Tissue engineering. Part A

Biomechanical Screening of Cell Therapies for Vocal Fold Scar.

PMID 26119510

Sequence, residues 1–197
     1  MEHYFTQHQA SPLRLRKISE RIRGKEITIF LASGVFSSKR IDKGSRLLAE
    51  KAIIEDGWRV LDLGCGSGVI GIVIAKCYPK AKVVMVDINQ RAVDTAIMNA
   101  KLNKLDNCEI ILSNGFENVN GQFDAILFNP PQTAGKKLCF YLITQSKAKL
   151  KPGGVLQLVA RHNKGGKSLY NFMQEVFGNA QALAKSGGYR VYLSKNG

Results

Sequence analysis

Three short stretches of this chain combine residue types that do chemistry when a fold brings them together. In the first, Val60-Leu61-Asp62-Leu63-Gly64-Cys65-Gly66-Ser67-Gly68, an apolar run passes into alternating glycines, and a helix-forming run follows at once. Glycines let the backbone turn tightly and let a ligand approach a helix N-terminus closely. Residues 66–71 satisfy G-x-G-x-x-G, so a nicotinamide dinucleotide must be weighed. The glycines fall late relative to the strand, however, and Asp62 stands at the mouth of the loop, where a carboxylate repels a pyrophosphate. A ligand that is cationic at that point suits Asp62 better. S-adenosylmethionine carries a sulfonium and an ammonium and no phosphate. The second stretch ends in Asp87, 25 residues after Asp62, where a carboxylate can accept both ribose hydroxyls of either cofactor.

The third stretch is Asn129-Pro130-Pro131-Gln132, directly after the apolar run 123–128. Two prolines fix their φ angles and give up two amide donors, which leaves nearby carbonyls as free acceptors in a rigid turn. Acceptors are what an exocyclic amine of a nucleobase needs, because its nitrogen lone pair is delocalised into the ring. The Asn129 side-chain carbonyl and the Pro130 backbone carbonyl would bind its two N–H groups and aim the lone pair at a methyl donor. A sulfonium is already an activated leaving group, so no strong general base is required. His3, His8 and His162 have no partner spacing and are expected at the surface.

Candidate cell sources for vocal fold scar treatment include mesenchymal stromal cells from bone marrow (BM-MSC) and adipose tissue (AT-MSC). Mechanosensitivity of MSC can alter highly relevant aspects of their behavior, yet virtually nothing is known about how MSC might respond to the dynamic mechanical environment of the larynx. Our objective was to evaluate MSC as a potential cell source for vocal fold tissue engineering in a mechanically relevant context. A vibratory strain bioreactor and cDNA microarray were used to evaluate the similarity of AT-MSC and BM-MSC to the native cell source, vocal fold fibroblasts (VFF). Posterior probabilities for each of the microarray transcripts fitting into specific expression patterns were calculated, and the data were analyzed for Gene Ontology (GO) enrichment. Significant wound healing and cell differentiation GO terms are reported. In addition, proliferation and apoptosis were evaluated with immunohistochemistry. Results revealed that VFF shared more GO terms related to epithelial development, extracellular matrix (ECM) remodeling, growth factor activity, and immune response with BM-MSC than with AT-MSC. Similarity in glycosaminoglycan and proteoglycan activity dominated the ECM analysis. Analysis of GO terms relating to MSC differentiation toward osteogenic, adipogenic, and chondrogenic lineages revealed that BM-MSC expressed fewer osteogenesis GO terms in the vibrated and scaffold-only conditions compared to polystyrene. We did not evaluate if vibrated BM-MSC recover osteogenic expression markers when returned to polystyrene culture. Immunostaining for Ki67 and cleaved caspase 3 did not vary with cell type or mechanical condition. We conclude that VFF may have a more similar wound healing capacity to BM-MSC than to AT-MSC in response to short-term vibratory strain. Furthermore, BM-MSC appear to lose osteogenic potential in the vibrated and scaffold-only conditions compared to polystyrene, potentially attenuating the risk of osteogenesis for in vivo applications.